It is always going to be hard when you lose a loved one. Making final arrangements can be an emotional struggle and a lot during this vulnerable time. But, as many people may have found out through experience, laying your loved one to rest is just the beginning. When people die they often leave things behind. Trust funds, heirlooms, and estates are some of the most common items that are left behind by those who have passed on. The placement of these items is usually stated by a will that was made by the deceased, and verified by a probate.
A probate is basically “the court-supervised process of authenticating a last will and testament. It includes locating and determining the value of the person’s assets, paying their final bills and taxes, and distributing the remainder of the estate to their rightful beneficiaries,” (the balance). Probate mandates vary from state to state and probates are often put in place in cases when no will was written by the deceased. But, in cases that there is a will, probates help to ensure that the deceased wishes are honored and upheld.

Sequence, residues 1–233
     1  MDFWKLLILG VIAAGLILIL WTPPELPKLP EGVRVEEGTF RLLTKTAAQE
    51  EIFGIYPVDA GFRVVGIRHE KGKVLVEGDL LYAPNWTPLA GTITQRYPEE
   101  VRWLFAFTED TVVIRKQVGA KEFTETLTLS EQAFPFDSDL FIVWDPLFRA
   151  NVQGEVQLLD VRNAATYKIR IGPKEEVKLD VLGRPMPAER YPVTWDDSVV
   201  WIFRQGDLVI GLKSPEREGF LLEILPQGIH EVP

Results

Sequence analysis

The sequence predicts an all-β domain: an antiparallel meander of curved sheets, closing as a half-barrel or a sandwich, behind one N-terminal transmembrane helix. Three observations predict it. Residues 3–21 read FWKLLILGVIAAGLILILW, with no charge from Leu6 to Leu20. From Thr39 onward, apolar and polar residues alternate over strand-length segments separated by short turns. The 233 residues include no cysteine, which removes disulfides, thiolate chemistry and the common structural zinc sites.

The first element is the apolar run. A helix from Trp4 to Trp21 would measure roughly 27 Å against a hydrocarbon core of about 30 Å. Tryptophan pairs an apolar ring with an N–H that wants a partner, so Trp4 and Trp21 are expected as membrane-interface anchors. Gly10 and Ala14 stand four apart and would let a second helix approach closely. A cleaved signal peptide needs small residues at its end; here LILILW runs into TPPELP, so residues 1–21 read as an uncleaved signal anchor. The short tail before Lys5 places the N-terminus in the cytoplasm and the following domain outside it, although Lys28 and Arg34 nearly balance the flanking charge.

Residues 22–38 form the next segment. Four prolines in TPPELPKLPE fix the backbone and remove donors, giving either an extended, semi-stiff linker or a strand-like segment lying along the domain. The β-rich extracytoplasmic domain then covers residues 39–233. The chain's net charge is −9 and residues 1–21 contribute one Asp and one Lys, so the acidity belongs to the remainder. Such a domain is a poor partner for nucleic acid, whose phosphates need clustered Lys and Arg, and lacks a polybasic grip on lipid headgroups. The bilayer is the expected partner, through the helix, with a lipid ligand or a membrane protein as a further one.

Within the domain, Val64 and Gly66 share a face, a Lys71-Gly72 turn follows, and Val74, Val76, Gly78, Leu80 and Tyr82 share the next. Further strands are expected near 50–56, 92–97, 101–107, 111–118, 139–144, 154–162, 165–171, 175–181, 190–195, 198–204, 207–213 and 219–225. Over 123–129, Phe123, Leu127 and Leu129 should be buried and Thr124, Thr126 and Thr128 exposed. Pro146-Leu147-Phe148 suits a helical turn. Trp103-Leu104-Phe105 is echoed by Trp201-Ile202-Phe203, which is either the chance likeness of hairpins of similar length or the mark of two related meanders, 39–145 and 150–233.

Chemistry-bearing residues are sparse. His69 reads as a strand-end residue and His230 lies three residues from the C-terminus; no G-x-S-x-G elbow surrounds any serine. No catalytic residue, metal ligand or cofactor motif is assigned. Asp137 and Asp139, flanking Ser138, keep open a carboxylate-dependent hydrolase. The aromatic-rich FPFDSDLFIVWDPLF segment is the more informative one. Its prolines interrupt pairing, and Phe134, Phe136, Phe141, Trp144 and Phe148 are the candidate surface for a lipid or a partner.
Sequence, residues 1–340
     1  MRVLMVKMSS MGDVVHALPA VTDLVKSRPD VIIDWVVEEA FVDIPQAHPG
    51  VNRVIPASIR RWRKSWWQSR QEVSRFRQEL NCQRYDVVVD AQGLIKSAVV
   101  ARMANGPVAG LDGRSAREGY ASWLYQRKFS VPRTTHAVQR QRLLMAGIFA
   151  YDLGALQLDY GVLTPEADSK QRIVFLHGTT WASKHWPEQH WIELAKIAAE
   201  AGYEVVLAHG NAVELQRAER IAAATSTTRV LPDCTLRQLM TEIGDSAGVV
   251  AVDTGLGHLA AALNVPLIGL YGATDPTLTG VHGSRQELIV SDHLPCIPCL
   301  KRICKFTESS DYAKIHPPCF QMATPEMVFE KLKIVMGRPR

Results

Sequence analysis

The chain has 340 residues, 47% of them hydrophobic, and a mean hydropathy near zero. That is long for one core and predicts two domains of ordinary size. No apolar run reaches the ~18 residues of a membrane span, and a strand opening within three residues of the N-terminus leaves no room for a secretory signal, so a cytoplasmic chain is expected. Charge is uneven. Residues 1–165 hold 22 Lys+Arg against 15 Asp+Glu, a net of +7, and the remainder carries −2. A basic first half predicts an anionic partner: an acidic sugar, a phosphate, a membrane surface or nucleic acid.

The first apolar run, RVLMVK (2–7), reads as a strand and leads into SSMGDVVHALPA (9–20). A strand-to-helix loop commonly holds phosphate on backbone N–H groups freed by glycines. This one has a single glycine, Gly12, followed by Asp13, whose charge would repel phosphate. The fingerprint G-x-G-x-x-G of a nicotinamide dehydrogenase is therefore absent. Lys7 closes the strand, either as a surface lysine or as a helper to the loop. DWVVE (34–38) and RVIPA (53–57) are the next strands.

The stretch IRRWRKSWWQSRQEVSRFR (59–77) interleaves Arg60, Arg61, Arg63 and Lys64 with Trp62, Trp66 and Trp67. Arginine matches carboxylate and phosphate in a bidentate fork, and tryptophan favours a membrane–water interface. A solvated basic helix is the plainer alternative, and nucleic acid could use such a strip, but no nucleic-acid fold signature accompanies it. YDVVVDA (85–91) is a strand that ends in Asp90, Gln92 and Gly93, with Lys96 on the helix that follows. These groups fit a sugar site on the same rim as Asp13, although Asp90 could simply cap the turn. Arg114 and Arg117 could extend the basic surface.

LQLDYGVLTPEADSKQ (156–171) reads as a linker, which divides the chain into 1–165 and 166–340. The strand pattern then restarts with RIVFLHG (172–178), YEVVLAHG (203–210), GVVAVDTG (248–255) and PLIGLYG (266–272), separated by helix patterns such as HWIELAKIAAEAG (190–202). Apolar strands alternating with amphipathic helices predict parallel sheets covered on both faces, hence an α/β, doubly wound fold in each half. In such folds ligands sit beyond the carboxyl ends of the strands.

But, what if there is a contest to the will as stated? A probate “hearing gives all concerned an opportunity to contest the will being admitted for probate–maybe because it’s not drafted properly or because someone is in possession of a more recent will,” (the balance). We have all heard about cases, for example, where an elderly tycoon dies and his young, recently-wedded spouse tries to petition for a piece (or a whole chunk) of his estate. But, the rich tycoon’s children from his first marriage contest citing that the will (and even the marriage) is invalid because the recently deceased was not in the right state of mind at the time that these events occurred. (Hint: Anna Nicole Smith and J. Howard Marshall).
To contest a will a person must fill out a sheet so it can be discussed during the hearing. In normal cases, all that is needed to verify the deceased’s last will and testament are those that were there to see the creation of the most recent, signed draft of the document that was sent to the court. Oftentimes, having witnessed and signed documentation is enough to verify a will. Witnesses can be the deceased spouse, living of age children, or an executive representative of the family.
During a difficult time such as this, a probate can help clear up and define the wishes and instructions of an estate of the deceased to their remaining loved ones. Receiving something of value like a house or acres of land will not bring back the deceased. But, it will bring comfort to the family knowing that their wishes were met. Probates can also bring peace of mind in that what was left behind can be passed down as a memory of what can never be lost and can be enjoyed and re-discovered by future descendants of the immediate family and beyond.